MY DICTATOR starts off as a straight forward drama, spirals into comedy, and then bounces back into a full dramatic mode. The plot is over the top with both, melodrama and comedy going overboard, but they always work. Focusing mostly on the father-son relationship it is about obsessions that come through generations and never let go.

The movie runs for over two hours, but it doesn't drag a bit. Instead it turns into a family saga. After credits roll one will get a feeling, that he had reached a conclusion of a very satisfying book. MY DICTATOR is quite a journey.

Kyung-gu Sol, one of the most popular actors in modern Korea, gives an inspired performance. His transformation from a loving dad to a dictator is believable and heartbreaking, but he also manages to bring the comic side out with the same ease, as he delivers the dramatic part.

MY DICTATOR maybe too serious for what it tries to achieve, but it also makes us to take it seriously. All the lose ends are perfectly wrapped up in the soaring conclusion. MY DICTATOR is one of these films that defy expectations and deliver on its promises on every turn.
.

Tuesday, 8 September 2015

KOFFIA REVIEW: ROARING CURRENTS




5/5

Roaring currents tells the story of one of the greatest naval battles in the history of Korea, when in 1592, during the Japanese invasion, 12 ships, under the command of the admiral Yi Sun-Sin, had won against the Japanese fleet of 300. 

As unbelievable as it sounds, the movie is showing us, step by step, how the victory had been achieved. Avoiding the Hollywood cliches of love triangles aka Pearl Harbour film focuses solely on the battle and its strategy, and through action introducing us to the admiral Yi Sun-Sin and various other characters. Roaring currents is not a biopic, and maybe this is the reason it makes such a compelling viewing. There are barely any subplots, the movie only showing us one battle and its course. The characters are only important as the course of the battle. Surprisingly they are well developed. As we decide whether we like them on not, basing on their actions, it makes us learn about them and recognise them quicker than if we had a lengthy backstory.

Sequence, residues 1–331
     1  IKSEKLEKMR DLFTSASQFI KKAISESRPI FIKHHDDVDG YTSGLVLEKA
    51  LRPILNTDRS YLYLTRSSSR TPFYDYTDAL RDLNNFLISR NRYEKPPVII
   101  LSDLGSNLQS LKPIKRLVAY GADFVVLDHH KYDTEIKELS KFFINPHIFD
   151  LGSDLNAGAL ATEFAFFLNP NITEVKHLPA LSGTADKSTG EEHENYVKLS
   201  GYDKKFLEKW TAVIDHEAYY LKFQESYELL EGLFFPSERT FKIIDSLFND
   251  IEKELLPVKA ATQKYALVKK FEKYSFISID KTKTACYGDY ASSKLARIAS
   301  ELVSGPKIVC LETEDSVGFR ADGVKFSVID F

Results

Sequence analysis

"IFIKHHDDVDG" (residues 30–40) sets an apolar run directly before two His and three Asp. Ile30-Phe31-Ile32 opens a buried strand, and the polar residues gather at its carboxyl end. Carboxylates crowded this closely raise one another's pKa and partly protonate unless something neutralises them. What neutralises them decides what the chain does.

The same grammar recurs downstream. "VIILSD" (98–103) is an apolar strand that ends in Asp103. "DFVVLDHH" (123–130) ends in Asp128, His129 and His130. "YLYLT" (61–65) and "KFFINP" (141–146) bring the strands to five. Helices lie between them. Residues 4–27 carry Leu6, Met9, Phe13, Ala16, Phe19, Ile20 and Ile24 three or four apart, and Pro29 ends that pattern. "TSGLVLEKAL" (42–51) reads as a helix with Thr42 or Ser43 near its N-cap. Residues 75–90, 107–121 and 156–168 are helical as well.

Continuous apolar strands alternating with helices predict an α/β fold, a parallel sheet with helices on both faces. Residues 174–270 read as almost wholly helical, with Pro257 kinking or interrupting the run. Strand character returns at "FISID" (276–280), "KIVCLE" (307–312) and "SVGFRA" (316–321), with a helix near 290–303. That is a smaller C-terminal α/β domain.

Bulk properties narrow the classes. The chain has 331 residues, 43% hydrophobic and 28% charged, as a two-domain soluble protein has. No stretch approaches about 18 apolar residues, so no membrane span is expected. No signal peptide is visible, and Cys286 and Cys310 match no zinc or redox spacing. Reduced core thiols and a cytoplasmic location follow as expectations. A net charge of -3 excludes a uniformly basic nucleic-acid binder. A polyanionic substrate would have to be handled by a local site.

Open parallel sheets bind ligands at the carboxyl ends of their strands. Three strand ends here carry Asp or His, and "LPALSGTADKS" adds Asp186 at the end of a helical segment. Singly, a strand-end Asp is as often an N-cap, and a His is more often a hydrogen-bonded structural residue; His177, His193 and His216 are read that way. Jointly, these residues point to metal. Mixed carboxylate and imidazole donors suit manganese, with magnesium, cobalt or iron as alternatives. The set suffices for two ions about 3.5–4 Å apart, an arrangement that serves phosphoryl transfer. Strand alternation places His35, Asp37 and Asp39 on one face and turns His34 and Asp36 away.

The Japanese invaders are not shown as particularly infernal, but they are a smug enemy, too sure in themselves for their own good.

The visual effects in the movie look fantastic, and even the fleet of 300 ships is as real as it can possibly be on the wide screen. The scenes on water are the most expensive and difficult ones to shoot, the water in CGI also usually looks terrible. While I am sure GREEN SCREEN had been used in many scenes,  the movie avoided the ugliness it is known for, with the light and the backgrounds looking natural and realistic.

ROARING CURRENTS is full of action, but it is the sentimental messages about conquest of fear that gets under your skin. Without barely a love storyline in this war film, I could see a few ladies in the theatre wiping their faces. This may be a boys kind of movie, but will also appeal to the girls if given a chance.

The soundtrack is rich and intense and will surely make for good stand alone listening.

Unlike many Koreans films THE ROARING CURRENTS does not experiment with the genre and does not run for long. It has an intelligent and concise screenplay which is nearly perfect for what it is designed to achieve - create an eye popping spectacle and memorable characters through action.

ROARING CURRENTS was the very first film in South Korea that had grossed 100 million USD - five times its modest budget, maybe because it has a great repeat viewing value. A modern viewer had seen all the spectacles in the world, so the value now is in a good script. ROARING CURRENTS is this kind of a movie.

Saturday, 5 September 2015

KOFFIA 2015 MOVIE REVIEW: CLEARER THAN YOU THINK





4/5

CLEARER THAN YOU think is an anthology animation film from young and talented director HAN JI-WON, who is called “animation prodigy of South Korea”.

There are four stories in total. The plots are focused on simple life of everyday Korean people. The first is about a young man looking for love and doubtful of his future, the second is about an office girl dreaming of love, the third is focused on a broken friendship of the high schoolers over one of them quitting the band, and the fourth is a fairy tale journey of a pouch, who escapes home and befriends a flightless crow.

The common theme that unites the episodes is the illusiveness of a dream and the stand one has to take against the circumstances to follow it. The ability to find their way under pressure of the society in modern day Korea is highly praised by each storyline and shown as the only way to remain true to one’s self.